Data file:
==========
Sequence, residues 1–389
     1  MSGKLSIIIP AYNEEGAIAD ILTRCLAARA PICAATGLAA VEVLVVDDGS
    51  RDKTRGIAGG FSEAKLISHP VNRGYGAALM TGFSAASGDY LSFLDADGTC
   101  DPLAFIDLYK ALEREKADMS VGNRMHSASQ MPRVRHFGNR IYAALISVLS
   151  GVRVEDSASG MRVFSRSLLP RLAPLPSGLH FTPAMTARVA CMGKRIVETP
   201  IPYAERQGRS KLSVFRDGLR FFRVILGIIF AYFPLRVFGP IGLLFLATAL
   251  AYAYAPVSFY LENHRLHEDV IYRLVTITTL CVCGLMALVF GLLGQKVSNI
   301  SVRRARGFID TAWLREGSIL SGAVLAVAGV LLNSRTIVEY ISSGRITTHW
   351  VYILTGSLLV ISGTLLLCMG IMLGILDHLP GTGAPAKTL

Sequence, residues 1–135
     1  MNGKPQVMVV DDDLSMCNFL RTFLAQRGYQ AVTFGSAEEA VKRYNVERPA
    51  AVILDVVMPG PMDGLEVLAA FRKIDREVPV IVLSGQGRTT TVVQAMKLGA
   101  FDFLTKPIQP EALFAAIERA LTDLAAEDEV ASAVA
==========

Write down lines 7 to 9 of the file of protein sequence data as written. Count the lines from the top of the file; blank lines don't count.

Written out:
   251  AYAYAPVSFY LENHRLHEDV IYRLVTITTL CVCGLMALVF GLLGQKVSNI
   301  SVRRARGFID TAWLREGSIL SGAVLAVAGV LLNSRTIVEY ISSGRITTHW
   351  VYILTGSLLV ISGTLLLCMG IMLGILDHLP GTGAPAKTL